Your Body's Mystery Chemical
Serotonin is on everyone's lips laTely. This strange little neurotransmitter shows up in all sort of weird places. Its role in mood regulation is so critical that many researchers call it the 'happy molecule.' It regulates appetite too.
Hypnotists – I hope you're paying attention. This little bundle of joy is worth paying attention to.
Mood, appetite – okay, that sounds reasonable. After all, there's a link between those two. Whether you're an emotional eater or sadness kills your hunger, either way there's a connection. So maybe this one chemical is responsible for changes in both? Maybe the stereotype of crying into a pint of ice cream comes from this?
Hold on to that thought. We're not done exploring what serotonin can do.
Most people who know about serotonin heard about it because of SSRIs. These drugs – selective serotonin reuptake inhibitors – are common antidepressants. Not surprising, if it's a neurotransmitter associated with mood.
So serotonin must help with depression, right?
Well … the truth is that we do not know. That's the common view. If you talk to anyone who researches this stuff, though, they'll tell you that explanation is too simple. Some drugs that mess around with serotonin levels do not treat depression. There's something else going on, too.
My advice would be to pay attention to the latest research. You do not want to parrot the popular view, only to have a doctor wave some new paper in your face. This story is still unfolding, so just know that there are unanswered questions here.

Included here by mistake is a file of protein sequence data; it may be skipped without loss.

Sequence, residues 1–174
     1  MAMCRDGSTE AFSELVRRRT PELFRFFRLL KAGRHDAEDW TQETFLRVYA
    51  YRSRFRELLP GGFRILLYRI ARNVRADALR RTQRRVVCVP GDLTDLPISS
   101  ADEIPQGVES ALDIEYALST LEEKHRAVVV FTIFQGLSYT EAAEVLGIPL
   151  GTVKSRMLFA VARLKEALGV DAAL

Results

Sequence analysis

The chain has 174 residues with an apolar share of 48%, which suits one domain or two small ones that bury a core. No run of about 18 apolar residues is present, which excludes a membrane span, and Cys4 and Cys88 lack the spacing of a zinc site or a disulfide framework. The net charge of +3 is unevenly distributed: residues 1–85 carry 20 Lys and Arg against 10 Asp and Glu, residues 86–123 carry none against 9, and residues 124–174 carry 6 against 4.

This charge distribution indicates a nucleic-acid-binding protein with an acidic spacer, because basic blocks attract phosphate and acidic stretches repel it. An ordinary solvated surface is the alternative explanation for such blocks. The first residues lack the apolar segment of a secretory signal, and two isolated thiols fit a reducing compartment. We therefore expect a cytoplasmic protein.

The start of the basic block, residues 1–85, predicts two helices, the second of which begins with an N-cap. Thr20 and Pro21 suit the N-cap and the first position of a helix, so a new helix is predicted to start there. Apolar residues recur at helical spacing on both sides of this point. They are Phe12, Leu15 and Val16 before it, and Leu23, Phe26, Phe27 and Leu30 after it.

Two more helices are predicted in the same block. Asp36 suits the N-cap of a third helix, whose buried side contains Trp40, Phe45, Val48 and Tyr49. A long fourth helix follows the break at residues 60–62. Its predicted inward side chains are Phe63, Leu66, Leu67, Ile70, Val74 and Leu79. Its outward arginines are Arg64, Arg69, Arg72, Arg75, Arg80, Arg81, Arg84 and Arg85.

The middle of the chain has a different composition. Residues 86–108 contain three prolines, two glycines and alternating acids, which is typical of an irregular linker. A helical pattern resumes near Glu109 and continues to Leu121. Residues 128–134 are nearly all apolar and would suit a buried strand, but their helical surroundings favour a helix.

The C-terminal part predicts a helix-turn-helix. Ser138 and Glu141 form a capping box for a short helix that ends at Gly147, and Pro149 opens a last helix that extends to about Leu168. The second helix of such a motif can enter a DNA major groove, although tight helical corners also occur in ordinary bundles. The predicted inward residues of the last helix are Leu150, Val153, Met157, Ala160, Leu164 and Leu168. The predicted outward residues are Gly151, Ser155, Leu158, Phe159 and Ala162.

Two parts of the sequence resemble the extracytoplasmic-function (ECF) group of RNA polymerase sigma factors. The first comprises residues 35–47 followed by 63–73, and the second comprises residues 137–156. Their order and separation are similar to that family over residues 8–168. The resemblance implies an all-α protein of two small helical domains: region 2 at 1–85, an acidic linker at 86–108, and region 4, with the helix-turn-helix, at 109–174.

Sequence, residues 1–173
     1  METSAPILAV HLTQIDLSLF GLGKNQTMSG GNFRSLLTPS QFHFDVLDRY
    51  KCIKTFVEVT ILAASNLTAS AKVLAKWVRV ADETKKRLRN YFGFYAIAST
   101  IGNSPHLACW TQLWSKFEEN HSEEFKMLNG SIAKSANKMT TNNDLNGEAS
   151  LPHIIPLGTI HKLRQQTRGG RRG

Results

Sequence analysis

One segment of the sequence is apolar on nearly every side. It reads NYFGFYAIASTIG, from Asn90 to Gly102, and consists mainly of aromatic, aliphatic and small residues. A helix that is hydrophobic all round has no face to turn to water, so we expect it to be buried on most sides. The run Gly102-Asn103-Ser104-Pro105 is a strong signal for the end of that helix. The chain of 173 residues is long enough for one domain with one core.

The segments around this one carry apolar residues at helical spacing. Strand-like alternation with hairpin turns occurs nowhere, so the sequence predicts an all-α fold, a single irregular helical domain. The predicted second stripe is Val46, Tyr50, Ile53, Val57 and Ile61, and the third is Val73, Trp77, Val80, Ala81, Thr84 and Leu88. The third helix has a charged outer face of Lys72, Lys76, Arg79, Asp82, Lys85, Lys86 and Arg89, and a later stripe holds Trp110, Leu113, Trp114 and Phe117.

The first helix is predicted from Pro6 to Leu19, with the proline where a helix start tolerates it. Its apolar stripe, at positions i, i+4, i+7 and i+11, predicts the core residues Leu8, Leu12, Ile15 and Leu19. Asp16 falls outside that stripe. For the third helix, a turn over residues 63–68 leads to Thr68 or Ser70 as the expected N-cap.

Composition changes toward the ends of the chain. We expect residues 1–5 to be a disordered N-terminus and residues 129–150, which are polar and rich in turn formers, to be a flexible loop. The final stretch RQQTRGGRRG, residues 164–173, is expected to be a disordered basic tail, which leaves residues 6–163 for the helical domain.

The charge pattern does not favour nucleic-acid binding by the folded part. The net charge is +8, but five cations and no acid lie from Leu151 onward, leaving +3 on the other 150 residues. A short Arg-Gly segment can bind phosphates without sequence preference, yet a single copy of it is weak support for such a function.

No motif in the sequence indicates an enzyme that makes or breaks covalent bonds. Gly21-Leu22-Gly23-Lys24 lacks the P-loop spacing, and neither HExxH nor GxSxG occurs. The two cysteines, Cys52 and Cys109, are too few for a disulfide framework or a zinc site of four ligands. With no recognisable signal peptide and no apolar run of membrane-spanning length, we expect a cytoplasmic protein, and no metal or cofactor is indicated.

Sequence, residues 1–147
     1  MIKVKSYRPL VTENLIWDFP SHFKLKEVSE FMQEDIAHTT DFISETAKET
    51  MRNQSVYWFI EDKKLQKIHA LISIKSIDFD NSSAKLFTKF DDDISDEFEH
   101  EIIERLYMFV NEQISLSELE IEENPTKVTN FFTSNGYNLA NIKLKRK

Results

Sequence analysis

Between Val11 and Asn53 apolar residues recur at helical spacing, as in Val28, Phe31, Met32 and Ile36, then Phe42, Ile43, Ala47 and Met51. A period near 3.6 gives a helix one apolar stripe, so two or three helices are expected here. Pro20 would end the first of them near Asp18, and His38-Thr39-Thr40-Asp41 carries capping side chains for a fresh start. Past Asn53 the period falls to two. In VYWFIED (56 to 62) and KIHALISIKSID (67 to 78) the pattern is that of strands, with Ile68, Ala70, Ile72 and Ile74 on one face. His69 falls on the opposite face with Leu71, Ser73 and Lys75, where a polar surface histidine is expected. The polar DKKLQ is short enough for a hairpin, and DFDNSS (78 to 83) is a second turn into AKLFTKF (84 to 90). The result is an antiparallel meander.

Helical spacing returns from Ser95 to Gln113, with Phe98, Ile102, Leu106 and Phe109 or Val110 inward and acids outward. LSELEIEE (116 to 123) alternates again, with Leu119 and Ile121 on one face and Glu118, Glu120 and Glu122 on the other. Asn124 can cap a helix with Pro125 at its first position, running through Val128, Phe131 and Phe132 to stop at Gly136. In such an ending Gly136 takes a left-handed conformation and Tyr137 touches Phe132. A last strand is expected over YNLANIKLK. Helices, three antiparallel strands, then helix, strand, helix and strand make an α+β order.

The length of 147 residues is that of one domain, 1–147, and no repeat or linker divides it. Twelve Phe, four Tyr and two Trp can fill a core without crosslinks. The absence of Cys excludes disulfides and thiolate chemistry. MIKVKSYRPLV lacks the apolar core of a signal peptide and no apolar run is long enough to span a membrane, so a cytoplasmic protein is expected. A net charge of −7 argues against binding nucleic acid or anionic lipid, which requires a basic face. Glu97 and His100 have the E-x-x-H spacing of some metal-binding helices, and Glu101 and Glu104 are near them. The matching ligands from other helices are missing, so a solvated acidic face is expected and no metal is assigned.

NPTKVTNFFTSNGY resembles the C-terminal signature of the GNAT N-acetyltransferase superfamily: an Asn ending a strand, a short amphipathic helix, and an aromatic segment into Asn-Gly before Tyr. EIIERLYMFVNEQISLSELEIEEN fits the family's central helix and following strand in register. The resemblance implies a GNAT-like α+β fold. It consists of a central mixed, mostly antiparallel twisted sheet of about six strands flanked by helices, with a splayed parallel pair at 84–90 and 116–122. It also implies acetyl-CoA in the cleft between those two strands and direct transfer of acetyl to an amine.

Let's put the depression question to the side. It's a thorny issue at the best of times.
In fact, let's move outside of the brain entirely.
The neural clusters around your intestines produce almost all of your serotonin. For a neurotransmitter, it spends a lot of time outside the skull.
It regulates aspects of digestion. Serotonin regulates bowel movements and triggers nausea. And we've already referred appetite regulation.
When you bleed, it even helps keep you alive by forming blood clots.
It does a lot of different things, most of them physical. Are these relevant to you, as a hypnotist? They can be. This is one of the more obvious ways that mental problems can manifest as physical ones.
But really what you should focus on is this:
If a client just wants to feel better, then serotonin plays a role. If their appetite stabilizes as a side effect, I doubt they'll complain. And if over the course of their time with you they happen to cut themselves, rapid healing makes for a beautiful convincer of the power of the mind.